Ricki Mason has been developing her alter-ego, Lou Henry Hoover, for several years and in several different situations, but with her newest work, There Once Was a Man, at the ReBar June 20-21, she’s opened up yet another set of possibilities for the character. In this latest version Hoover is both an amiable everyman, with a jaunty walk and a cheerful disposition, and the ambiguous center of everyone’s attention. He’s the intersection of a busy Venn Diagram, including a curvaceous wife, a Southern Gothic mother-in-law, a set of conjoined twins (attached at the braid), a gymnastic baby, and, shades of Gregor Samsa, a cockroach. Except for the cockroach, their costumes are all printed with Hoover’s face—he is indeed everywhere.
In the past, Mason has drawn from multiple sources in creating the settings and scripts for Hoover’s adventures, the stranger the better, so that they often resembled a dada version of a vaudeville act. The narrative for Man rests in a slightly more conventional place, so that the meddling mother-in-law and her desire for grandchildren triggers a series of possible worlds with the cranky twins and the rambunctious baby, but among these scenes of mid-century domestic drama are still some oddball elements.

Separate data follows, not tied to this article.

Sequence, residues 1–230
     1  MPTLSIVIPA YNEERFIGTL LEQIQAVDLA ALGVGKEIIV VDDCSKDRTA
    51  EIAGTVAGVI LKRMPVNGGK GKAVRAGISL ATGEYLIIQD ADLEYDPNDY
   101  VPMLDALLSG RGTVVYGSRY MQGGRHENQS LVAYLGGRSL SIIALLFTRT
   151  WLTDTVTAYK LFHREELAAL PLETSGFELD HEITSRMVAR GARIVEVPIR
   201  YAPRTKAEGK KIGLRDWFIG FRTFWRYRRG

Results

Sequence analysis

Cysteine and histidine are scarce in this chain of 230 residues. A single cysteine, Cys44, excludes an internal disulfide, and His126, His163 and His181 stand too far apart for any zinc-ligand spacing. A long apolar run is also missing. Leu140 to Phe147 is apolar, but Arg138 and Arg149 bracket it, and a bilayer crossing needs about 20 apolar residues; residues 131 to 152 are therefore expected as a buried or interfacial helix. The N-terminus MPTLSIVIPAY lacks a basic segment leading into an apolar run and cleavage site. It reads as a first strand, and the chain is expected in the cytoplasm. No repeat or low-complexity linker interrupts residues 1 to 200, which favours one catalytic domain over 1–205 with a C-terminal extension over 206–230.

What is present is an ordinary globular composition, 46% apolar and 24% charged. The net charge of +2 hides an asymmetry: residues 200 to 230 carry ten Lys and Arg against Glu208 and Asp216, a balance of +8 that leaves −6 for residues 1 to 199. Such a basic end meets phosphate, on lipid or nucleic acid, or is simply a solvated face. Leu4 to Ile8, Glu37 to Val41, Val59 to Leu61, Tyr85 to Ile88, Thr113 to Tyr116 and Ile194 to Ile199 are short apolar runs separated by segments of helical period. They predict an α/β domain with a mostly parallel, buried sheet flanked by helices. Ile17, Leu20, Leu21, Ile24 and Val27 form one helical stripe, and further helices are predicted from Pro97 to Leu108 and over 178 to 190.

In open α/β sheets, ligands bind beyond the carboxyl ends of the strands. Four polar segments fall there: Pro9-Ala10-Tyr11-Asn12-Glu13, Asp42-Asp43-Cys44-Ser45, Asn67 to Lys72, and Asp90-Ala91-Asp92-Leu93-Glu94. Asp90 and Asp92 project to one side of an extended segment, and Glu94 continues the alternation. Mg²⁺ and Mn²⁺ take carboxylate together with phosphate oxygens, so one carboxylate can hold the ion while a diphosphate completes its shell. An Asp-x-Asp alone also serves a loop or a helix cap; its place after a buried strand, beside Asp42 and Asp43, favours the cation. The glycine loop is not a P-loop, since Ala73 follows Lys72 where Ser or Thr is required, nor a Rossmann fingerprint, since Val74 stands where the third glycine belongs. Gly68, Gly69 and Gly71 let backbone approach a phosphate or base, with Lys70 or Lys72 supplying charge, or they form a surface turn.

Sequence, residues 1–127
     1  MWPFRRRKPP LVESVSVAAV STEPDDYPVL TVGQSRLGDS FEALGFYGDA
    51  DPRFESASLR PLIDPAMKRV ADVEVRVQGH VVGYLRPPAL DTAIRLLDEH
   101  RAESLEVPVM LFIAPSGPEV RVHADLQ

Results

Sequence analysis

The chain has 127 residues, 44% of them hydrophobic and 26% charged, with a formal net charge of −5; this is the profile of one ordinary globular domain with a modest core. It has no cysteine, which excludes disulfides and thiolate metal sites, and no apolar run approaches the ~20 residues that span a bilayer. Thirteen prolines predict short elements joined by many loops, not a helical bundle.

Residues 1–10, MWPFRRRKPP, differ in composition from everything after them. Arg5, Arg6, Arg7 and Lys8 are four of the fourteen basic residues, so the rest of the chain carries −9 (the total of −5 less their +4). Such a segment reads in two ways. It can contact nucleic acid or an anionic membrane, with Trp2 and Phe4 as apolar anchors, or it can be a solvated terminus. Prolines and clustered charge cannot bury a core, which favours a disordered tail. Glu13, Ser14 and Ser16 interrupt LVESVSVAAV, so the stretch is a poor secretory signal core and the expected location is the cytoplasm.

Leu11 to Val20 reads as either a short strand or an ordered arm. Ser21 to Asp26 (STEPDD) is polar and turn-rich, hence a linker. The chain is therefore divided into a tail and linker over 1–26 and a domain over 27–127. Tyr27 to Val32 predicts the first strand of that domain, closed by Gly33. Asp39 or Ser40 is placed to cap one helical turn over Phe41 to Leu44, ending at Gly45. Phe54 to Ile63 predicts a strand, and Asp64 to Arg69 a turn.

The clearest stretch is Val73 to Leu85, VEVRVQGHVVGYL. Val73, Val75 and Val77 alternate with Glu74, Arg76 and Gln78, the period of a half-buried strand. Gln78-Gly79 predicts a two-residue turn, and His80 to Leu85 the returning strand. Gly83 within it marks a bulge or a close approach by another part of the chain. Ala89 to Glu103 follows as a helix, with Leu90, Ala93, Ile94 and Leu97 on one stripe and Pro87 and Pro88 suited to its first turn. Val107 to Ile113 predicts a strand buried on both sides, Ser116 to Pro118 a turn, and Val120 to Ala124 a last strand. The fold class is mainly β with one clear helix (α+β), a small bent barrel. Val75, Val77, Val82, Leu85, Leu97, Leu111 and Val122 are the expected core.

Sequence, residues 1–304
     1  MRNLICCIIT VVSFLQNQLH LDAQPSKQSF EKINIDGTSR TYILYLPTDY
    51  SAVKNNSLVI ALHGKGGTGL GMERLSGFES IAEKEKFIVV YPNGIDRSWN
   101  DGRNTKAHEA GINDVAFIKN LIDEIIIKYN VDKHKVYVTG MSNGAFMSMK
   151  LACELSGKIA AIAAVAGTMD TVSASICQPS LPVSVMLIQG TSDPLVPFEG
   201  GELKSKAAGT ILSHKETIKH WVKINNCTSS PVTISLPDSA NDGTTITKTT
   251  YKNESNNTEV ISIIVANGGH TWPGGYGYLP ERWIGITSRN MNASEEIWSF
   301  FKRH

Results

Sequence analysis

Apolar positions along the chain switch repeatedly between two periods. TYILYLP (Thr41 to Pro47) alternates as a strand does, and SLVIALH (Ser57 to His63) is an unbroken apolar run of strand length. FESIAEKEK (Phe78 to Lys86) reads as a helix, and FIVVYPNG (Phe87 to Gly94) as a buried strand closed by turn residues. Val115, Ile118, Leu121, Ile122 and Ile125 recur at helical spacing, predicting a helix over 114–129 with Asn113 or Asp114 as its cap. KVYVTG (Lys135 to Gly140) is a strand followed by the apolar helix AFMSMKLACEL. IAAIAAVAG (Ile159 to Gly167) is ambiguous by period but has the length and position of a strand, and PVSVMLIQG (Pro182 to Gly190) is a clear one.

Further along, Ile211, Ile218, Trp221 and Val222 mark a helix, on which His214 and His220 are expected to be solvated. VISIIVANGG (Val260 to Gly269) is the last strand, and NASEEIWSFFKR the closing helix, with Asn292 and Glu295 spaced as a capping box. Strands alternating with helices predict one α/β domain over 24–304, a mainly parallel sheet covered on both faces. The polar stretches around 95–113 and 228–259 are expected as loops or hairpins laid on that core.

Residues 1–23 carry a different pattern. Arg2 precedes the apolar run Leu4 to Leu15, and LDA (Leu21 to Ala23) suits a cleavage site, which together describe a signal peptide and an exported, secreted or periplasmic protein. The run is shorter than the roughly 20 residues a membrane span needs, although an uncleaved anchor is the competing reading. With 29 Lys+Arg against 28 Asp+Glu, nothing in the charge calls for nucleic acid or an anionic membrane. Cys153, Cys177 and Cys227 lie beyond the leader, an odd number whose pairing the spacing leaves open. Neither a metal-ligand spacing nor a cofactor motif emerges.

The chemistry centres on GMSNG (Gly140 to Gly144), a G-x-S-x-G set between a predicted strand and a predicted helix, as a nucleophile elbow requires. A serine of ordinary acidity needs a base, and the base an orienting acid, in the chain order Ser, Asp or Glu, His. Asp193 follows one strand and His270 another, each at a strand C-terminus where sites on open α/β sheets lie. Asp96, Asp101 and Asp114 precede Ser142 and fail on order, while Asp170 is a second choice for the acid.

Chief among these is the cockroach, which acts as Hoover’s doppelganger through most of the show. Although the rest of the cast treats him with disgust, Hoover is fascinated as well as repelled, and the roach returns the interest, often following him like a puppy. Elby Brosch, who dances the part, matches Hoover’s light and deft style, especially in an extended soft shoe duet. By the end of the evening, Brosch has managed a difficult trick—we feel sympathy for the loyal roach.
The rest of the cast is equally skilled – Kitten LaRue was like a juicy peach as the wife, all curves and curls and drop-dead timing. Scott Shoemaker’s mother-in-law places his performance just this side of caricature—he’s Ethel Merman as Tennessee William’s Amanda Wingfield. His tongue is firmly in his cheek during his monologue considering what secret Hoover might be keeping about himself—homosexuality would be difficult, but vegetarianism would be far worse. Neu Ro Ses and Bronwyn Lewis played the twins like a pouting version of Tweedledee and Tweedledum, while Cassidy Katims’ Baby swung from the ceiling on his umbilical cord.
There Once Was a Man gets its title from the song in The Pajama Game where the factory supervisor declares his love for the union rep—after a musical comedy-full of setbacks the two live happily ever after, and at the end of Hoover’s work, so do Kitten and Lou. The mother-in-law delivers the epilogue from heaven, admitting that although they never did have children, they did what they wanted to do. She proclaims that “Lou was a good man,” and as we watch Kitten and Lou, both with gray hair, swaying together, we agree with Mama.
More information about Lou Henry Hoover can be found here.